Cassandra E. Simon, Ph.D.
As JCES begins its fifth year of publication, it seems appropriate to be somewhat reflective. We are steadily moving forward in having JCES meet our goal of being a premiere engagement scholarship journal, guided by our own brand of “authentic community engagement.” By this, we mean a journal that recognizes the centrality and importance of all persons involved in finding solutions to the problems addressed by engagement scholarship work. Beginning with the first issue, we committed to creating a “new kind of journal” – one responsive to the needs of communities and community partners and university constituent groups (i.e., faculty, staff, and students). JCES not only provides a venue for a variety of scholarly works from diverse perspectives, but is also structured around a work ethic directed toward diligently making sure the journal is accessible to all. This idea of accessibility has resulted in JCES being made available electronically. To access the electronic version of the journal, including all back issues, please go to www. jces.ua.edu. Despite the financial costs and the numerous online journals that have come about in recent years, there is still something to be said for the value of hard copy journals. This recognition, along with your ongoing support of JCES, has resulted in University of Alabama administrators, especially Vice President for Community Affairs, Samory Pruitt, making possible our ability to continue to make JCES available in hard copy. In addition to accessibility in the literal sense, JCES also gives a great deal of attention to literacy accessibility, ensuring that a wide range of individuals can read and most importantly, understand what is written. Before the release of its inaugural issue, this focus on literacy balance and the efforts made to embrace “authentic community engagement” led to some initial criticisms and concerns regarding the scholarly value of JCES. After all, how could a top peer reviewed research journal be written to and for the academic and other university personnel, community, and students, while maintaining rigor and quality? Understanding that we are all students, educators, researchers, and community in the varied contexts of our lives made that part easy for us.
It has taken a great deal of work from a dedicated group of individuals, but the feedback from those of you in the community engagement and scholarship field indicate that we have been successful in having JCES be a new and different kind of research journal, while maintaining scholarly rigor. We appreciate your support and are committed to retaining the high standards you have come to expect from JCES. As we work to strengthen community partner and student participation in the journal, we look to you all to encourage your community partners and students to submit a piece for review and possible publication in an upcoming issue of JCES. We make every effort to include a least one community partner and one student piece in each issue. These manuscripts need to be reflective essays or critiques on some aspect of community engagement and scholarship or their experiences with community engagement work. These pieces are 500–1000 word essays provided to give voice to these populations who are still too often spoken for as if they had no voice of their own, even in the engagement scholarship field, where they are typically given more voice than in traditional research. We know that you are as anxious as are we to hear more from our students and community partners and we look forward to hearing from many of them with whom you work.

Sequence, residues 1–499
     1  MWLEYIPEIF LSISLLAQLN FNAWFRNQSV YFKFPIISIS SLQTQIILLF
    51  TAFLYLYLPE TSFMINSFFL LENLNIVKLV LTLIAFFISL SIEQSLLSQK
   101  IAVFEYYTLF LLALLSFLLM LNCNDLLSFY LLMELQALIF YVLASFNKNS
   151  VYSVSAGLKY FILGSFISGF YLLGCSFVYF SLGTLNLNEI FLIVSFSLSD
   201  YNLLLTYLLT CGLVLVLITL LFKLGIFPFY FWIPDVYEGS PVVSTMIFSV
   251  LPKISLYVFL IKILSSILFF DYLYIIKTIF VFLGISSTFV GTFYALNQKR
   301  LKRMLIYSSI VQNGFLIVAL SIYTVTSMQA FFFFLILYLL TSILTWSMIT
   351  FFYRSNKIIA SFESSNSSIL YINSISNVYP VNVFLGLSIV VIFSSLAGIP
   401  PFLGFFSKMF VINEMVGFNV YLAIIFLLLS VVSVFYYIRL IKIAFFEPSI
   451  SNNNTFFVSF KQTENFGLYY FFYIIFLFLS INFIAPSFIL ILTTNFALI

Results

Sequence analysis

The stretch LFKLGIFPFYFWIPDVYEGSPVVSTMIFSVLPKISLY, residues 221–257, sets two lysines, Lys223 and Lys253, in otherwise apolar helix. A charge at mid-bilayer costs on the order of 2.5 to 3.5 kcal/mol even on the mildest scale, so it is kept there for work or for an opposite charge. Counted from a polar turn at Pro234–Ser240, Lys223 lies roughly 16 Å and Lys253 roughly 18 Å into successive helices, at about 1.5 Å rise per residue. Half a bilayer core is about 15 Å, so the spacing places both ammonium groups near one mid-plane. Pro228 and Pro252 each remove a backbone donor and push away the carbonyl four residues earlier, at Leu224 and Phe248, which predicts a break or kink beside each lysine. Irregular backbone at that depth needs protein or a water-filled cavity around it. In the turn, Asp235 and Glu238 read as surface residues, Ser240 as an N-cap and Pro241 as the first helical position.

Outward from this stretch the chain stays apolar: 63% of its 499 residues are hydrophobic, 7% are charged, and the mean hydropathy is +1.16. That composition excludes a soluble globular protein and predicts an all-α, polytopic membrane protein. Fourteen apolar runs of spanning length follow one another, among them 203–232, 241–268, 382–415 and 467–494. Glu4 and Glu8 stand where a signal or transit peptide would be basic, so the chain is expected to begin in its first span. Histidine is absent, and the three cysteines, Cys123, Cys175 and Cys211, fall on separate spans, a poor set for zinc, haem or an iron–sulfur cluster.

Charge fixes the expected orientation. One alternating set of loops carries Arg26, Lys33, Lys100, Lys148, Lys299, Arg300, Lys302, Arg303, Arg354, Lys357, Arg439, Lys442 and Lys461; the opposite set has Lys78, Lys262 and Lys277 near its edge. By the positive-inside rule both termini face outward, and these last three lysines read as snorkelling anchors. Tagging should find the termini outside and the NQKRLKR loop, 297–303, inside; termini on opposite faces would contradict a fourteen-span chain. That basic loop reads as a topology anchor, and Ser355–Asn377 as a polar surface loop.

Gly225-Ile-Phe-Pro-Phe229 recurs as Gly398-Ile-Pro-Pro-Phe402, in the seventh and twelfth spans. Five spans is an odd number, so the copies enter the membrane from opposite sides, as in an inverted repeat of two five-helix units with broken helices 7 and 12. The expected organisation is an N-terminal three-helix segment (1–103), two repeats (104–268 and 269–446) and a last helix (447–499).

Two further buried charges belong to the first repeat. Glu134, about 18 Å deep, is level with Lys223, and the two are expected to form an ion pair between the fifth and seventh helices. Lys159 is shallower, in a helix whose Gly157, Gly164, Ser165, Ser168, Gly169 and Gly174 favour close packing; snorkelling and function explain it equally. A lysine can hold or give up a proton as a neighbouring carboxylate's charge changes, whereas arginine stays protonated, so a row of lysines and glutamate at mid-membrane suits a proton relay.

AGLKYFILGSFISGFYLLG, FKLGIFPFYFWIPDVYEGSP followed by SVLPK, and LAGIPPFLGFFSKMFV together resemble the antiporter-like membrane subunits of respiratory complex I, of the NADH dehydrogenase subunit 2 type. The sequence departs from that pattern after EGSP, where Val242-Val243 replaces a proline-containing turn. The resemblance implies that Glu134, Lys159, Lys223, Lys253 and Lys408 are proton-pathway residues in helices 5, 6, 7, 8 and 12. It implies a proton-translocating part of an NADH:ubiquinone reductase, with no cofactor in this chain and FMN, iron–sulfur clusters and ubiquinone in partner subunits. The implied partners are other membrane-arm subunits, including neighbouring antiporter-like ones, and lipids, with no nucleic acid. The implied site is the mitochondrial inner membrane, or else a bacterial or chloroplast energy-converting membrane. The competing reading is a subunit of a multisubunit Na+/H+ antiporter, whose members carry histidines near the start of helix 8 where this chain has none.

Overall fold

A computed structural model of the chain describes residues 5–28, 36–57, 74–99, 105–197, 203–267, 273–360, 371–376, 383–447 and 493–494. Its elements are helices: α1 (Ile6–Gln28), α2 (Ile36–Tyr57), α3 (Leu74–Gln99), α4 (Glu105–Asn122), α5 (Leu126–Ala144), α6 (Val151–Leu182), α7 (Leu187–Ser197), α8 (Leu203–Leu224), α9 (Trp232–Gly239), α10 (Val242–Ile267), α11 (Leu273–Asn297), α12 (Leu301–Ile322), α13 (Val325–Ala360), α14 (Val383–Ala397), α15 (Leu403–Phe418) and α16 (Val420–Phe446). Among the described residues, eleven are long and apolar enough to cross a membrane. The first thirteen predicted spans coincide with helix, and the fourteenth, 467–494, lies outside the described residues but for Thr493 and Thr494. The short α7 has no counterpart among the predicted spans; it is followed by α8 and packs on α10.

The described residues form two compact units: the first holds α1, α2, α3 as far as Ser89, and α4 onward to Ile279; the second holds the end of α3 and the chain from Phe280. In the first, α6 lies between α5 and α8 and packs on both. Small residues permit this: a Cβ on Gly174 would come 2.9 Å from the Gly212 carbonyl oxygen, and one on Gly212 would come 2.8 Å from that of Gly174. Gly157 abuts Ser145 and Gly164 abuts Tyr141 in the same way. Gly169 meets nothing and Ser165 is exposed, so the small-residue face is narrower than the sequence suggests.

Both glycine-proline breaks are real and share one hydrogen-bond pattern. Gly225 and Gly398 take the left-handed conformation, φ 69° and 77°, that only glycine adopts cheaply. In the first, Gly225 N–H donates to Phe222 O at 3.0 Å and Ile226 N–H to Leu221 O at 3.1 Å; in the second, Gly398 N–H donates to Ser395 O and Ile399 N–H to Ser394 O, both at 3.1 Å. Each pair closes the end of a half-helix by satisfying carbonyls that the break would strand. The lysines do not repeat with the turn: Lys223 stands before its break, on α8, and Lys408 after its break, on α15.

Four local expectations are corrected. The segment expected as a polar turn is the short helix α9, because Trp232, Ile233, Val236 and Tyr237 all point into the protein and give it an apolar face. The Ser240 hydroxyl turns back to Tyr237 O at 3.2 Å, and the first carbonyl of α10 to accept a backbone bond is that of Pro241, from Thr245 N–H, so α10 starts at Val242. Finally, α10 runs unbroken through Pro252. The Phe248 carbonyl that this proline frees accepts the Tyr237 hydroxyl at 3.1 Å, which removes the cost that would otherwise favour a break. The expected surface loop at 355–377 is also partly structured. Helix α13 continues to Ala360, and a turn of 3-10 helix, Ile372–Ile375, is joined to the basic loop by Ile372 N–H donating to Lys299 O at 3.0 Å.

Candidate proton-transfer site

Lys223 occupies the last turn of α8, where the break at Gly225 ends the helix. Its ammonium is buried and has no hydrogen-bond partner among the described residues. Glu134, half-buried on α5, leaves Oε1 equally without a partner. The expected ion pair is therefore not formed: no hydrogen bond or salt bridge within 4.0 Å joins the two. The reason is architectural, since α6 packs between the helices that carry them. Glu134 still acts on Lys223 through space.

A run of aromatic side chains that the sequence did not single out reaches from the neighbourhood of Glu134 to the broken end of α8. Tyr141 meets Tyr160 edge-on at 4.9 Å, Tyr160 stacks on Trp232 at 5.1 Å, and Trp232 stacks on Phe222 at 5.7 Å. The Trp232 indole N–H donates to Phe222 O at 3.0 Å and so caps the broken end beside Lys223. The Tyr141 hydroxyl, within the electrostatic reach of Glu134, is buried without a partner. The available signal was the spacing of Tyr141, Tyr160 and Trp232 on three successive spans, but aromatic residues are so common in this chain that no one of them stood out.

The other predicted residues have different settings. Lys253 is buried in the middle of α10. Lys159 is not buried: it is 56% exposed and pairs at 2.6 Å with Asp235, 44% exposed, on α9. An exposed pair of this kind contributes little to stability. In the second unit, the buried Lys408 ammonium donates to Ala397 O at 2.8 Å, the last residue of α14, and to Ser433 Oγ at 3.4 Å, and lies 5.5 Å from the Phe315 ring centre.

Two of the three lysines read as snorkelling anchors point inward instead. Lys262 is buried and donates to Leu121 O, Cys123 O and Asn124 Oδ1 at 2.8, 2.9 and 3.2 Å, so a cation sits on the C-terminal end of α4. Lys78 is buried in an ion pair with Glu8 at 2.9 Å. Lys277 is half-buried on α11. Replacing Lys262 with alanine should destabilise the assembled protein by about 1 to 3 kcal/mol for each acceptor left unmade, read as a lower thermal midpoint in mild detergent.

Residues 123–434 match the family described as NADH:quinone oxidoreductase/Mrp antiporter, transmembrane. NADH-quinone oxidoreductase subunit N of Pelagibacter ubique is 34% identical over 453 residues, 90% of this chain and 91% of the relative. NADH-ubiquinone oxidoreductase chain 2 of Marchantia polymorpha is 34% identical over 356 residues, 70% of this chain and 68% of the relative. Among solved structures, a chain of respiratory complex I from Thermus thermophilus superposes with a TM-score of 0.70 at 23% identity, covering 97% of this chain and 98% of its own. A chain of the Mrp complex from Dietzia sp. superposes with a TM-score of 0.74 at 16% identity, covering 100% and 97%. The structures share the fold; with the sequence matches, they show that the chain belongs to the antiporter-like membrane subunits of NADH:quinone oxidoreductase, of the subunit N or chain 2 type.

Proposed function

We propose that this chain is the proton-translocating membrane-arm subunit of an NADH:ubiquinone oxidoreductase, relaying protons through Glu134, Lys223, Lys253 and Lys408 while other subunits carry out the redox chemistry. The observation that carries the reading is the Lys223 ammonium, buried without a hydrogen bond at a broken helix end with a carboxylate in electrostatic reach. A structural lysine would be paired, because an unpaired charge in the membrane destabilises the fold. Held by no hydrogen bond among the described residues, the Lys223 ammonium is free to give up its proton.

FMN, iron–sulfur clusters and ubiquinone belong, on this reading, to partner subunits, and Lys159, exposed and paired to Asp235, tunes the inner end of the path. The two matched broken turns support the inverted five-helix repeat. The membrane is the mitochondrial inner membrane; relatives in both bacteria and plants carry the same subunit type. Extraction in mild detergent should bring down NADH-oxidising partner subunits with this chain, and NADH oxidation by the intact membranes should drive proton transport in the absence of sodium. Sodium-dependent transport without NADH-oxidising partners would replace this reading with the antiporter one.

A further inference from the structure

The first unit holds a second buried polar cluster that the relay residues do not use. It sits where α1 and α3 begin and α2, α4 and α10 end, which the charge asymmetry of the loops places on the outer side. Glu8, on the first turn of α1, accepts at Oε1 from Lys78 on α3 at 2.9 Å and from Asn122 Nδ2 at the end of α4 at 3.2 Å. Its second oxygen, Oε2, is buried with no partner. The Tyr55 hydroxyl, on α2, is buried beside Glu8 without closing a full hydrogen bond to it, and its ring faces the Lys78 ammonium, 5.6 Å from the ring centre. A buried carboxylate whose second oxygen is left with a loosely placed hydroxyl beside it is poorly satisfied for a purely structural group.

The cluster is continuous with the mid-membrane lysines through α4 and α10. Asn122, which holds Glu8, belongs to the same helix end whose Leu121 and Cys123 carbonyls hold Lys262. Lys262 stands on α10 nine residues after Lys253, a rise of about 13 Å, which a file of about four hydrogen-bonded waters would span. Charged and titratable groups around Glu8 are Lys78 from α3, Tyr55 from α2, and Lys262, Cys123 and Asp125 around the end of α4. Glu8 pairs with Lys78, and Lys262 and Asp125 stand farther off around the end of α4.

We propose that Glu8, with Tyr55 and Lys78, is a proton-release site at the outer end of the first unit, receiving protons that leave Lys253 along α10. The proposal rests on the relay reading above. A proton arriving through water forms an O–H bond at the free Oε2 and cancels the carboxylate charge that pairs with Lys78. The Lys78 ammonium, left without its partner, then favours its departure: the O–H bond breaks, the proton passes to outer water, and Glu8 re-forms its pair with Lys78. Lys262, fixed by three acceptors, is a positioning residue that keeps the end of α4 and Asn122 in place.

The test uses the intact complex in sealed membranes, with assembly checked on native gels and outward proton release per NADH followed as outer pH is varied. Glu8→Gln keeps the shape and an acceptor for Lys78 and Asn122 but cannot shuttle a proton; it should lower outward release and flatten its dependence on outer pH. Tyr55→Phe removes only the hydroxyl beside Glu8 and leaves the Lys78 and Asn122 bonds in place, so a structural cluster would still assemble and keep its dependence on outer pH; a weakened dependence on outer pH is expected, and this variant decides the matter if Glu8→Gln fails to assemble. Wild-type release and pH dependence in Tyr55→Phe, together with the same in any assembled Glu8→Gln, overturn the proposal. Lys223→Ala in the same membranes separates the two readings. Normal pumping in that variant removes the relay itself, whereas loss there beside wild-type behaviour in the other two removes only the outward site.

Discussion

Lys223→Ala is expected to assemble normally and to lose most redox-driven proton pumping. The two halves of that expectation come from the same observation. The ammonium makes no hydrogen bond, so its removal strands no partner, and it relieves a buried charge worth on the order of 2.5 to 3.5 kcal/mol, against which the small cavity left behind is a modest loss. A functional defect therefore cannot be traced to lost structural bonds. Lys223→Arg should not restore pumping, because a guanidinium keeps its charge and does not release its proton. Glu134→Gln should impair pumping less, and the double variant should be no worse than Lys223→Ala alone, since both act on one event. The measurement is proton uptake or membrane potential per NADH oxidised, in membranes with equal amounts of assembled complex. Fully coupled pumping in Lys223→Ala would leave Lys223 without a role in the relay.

As with each issue of JCES, we hope you find the included manuscripts informative, engaging, and relevant to your work in engagement scholarship. The articles in this volume are as varied as are the disciplines to which engagement scholarship applies. From addressing how to best improve health outcomes for the Latino population in a rural Southeastern community to understanding the application of critical race feminism as a framework for engagement scholarship, this issue provides stimulating and pointed suggestions for improving the communities in which we live. JCES continues to identify ways in which to highlight the role of engagement scholarship in the academic environment as seen with one manuscript that addresses how to develop more effective and sustainable relationships between communities and universities. Other manuscripts address topics that include ways to improve the society in which we live, whether through college instruction of a policy course or revitalization of a community post-disaster. As we prepare the next edition of JCES, which will be published shortly prior to our hosting of the National Outreach and Scholarship Conference, September 30–October 3, 2012, we are excited about the opportunity to showcase JCES and all else The University of Alabama has to offer. We invite you to attend the conference and learn even more about how to integrate the conference theme—Partner. Inspire. Change.—into your engagement scholarship work.